'Never Sorry' is a new-style profile in 21st-century courage.
"Ai Weiwei: Never Sorry" is a documentary by first-time filmmaker Alison Klayman about the famed Chinese artist and dissident, and the title captures the man. He makes no apologies.
As an artist, Ai is perhaps best known worldwide for his design of Beijing's Bird's Nest stadium for the 2008 Olympics and for the 100 million ceramic sunflower seeds with which he filled Turbine Hall in London's Tate Modern museum. He's an artist who likes to work big. He himself is a big, bearish character.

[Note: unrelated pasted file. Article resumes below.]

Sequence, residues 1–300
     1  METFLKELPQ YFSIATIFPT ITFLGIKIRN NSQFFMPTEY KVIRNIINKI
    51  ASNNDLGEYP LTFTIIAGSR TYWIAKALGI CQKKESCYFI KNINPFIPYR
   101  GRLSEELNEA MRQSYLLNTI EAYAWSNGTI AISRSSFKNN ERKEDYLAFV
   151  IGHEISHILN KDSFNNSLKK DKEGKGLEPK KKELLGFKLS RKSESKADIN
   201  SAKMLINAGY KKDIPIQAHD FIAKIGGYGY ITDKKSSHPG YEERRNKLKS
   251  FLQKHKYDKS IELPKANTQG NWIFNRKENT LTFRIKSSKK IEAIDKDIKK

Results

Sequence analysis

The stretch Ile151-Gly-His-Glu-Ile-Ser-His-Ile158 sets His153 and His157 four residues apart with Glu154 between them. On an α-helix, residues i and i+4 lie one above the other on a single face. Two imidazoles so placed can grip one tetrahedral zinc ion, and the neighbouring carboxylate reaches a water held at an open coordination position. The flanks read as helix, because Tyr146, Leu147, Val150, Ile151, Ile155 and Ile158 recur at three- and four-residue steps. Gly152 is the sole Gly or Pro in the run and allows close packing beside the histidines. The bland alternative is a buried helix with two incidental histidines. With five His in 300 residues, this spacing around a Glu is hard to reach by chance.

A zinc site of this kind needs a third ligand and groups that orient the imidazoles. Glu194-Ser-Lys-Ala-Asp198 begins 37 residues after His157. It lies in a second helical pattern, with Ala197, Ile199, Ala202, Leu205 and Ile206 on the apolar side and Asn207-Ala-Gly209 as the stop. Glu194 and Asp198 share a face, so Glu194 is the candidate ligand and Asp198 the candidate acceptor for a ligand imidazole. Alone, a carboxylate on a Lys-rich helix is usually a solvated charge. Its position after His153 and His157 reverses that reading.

As a dissident, Ai has repeatedly taken on the Chinese government, often at great risk. He publicly criticized the Chinese Communist Party's handling of the 2008 Olympic Games and its suppression of the names of thousands of schoolchildren killed in the Sichuan earthquake.
Klayman was already in postproduction when Ai was arrested by Chinese authorities and imprisoned for 81 days. The footage of this incident, and its aftermath, registers as a grim coda, especially coming after the extensive sequence detailing an earlier attack in which Ai was severely beaten in the middle of the night in a hotel room in Chengdu in retaliation for uncovering those earthquake victim statistics.